Removing cataracts from a vintage 60's color roundie television set
I have read different accounts and posts from other folks who have done this. I have also watched some YouTube vids of folks doing it. I am not criticizing anyone else’s strategy here - just saying that I personally found that many of the lengthy steps (pre-soaking - pre-heating - and scraping out the edges) were totally unnecessary.
Below are some pics showing the stages. The chassis on this set still needs to be recapped. The color and picture tube are actually quite nice… but the filters are bad which is keeping the picture from properly spreading out and filling the screen completely.
It was my first time doing this - but with the help of a friend - we were able to do 3 of these picture tubes in about an hr and a half.
In some of the pics of the tube - you will see that the perimeter has chunks of adhesive that were dug out. I did this on the first tube we worked on - but on the next one we found that this step was not necessary and just wasted time.
We supported the picture tube safely in a tall bucket and wrapped the tube with a heavy blanket for safety. There is a band of tape around the perimeter of the picture tube that we scored with a razor knife. We then used a heat gun to soften up the adhesive between the 2 pieces of glass. You can actually see the air getting in under the adhesive as it loses it’s attachment to the top glass. As you see this happening… you move the heat gun along. In one of the pics you can actually see the slightly darker area developing under the heat gun. This darker area is the indication that the adhesive bond has let go. Probably a good idea not to stay in one area too long with the heat gun … and also if the glass is cold to start with, you should probably warm it up slowly so that it does not crack from a sudden drastic temperature change. And the same would apply for not letting it cool down too quickly either… in case you are doing this in the winter in a cold garage (which I would not recommend).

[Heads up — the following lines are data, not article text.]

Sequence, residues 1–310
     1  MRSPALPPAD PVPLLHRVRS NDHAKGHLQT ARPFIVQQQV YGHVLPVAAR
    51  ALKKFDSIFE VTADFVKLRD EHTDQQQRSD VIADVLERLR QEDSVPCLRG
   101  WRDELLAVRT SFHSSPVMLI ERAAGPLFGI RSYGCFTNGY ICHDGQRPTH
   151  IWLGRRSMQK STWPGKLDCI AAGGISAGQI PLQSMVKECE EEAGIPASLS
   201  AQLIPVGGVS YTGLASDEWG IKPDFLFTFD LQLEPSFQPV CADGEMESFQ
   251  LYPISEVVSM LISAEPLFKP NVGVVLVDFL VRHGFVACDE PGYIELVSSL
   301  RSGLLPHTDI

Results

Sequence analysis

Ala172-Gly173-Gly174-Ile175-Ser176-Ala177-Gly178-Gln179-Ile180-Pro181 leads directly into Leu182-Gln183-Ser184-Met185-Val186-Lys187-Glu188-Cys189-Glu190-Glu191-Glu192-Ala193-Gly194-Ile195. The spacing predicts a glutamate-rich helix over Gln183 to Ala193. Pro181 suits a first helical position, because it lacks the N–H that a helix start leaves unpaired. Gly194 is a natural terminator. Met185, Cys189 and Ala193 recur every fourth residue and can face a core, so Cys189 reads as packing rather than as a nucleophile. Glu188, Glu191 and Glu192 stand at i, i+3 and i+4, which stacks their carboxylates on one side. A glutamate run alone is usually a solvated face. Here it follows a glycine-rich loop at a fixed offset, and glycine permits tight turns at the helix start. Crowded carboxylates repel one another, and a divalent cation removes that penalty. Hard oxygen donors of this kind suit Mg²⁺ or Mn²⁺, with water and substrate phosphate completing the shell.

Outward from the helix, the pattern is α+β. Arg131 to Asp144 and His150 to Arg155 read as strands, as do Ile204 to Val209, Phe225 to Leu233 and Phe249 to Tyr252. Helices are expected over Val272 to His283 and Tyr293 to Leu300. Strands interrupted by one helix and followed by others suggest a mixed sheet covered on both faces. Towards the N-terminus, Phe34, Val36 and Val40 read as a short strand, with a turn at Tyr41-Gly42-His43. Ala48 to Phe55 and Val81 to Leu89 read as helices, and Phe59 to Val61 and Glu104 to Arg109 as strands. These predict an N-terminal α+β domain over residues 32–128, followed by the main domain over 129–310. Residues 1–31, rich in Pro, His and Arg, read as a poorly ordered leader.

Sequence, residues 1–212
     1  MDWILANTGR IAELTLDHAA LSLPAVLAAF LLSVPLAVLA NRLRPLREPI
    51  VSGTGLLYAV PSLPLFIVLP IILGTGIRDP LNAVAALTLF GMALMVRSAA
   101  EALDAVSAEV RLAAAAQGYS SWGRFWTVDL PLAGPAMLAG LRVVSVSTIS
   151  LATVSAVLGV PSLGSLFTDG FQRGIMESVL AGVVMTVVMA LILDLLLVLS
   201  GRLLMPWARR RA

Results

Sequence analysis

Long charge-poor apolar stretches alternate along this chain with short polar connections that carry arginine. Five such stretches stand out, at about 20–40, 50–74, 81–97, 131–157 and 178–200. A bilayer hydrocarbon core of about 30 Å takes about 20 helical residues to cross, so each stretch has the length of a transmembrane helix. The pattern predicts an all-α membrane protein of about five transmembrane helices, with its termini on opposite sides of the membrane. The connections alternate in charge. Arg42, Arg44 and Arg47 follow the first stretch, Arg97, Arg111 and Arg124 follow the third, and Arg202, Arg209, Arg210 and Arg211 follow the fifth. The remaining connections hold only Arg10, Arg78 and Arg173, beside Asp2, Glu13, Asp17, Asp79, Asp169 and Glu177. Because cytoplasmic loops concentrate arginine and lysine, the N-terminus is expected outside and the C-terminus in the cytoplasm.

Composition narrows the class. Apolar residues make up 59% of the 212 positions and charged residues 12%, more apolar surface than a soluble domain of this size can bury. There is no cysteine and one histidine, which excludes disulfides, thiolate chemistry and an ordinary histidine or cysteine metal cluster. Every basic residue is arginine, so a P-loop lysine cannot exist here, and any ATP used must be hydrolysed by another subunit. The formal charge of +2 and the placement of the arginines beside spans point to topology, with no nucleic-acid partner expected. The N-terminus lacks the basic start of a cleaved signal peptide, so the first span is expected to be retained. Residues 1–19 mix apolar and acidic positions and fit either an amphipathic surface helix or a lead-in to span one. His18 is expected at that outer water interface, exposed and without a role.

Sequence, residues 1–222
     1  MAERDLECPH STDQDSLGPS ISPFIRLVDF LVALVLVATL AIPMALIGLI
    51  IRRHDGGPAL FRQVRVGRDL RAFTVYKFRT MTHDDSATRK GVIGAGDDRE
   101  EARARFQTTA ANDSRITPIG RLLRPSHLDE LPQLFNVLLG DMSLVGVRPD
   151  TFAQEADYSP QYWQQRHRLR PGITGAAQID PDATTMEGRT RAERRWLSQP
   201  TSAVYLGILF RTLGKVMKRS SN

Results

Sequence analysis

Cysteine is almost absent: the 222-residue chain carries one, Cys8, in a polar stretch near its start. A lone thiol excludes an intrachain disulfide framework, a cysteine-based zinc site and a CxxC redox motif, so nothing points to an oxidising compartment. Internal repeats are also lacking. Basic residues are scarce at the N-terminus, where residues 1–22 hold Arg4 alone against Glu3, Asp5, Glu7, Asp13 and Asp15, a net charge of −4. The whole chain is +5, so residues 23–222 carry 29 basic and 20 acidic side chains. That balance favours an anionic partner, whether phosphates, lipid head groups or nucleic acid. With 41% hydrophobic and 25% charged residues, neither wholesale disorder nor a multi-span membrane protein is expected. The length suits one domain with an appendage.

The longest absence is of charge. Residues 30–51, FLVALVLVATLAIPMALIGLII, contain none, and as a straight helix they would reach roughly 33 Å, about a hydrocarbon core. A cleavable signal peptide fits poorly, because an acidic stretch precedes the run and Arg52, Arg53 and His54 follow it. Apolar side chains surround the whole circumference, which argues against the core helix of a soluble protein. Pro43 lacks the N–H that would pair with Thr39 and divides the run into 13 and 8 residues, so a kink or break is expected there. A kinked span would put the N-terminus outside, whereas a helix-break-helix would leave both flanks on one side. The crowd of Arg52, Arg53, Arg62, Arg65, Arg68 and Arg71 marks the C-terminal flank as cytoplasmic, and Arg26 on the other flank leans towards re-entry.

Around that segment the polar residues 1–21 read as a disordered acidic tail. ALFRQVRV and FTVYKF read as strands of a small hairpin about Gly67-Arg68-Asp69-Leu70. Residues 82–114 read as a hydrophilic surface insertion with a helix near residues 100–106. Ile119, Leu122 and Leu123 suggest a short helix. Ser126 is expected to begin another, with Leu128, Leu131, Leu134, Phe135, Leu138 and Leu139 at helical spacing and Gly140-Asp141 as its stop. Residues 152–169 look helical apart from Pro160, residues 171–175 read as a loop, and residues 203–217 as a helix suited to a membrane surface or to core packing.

We moved in a spiral starting on the outside edge… moving along the perimeter and working in towards the center.
Then with just a little pulling by hand - the top cover glass lifted off. If pulling it by hand does not work and you need a little more force… you can gently tap some wooden shims in between the two glass pieces and apply some more heat with the heat gun. Space 3 or 4 shims at even intervals around the perimeter and tap in very slowly. Remember that you are working on glass.
While the adhesive layer is still warm - it is quite easy to then peel off in one sheet . Then - a good cleaning with some lacquer thinner or acetone and then a final cleaning to the glass surfaces with some glass cleaner.
For re-assembly some folks like to put little pieces of double sided foam tape around the perimeter… this helps to keep an even gap between the two pieces of glass. Some folks also then seal the perimeter with some tape or even a bead of silicone caulking. This helps keep dust from getting in between the two glass sections.
We skipped the double sided tape and just put the 2 pieces of glass directly together and then taped around the edge seam.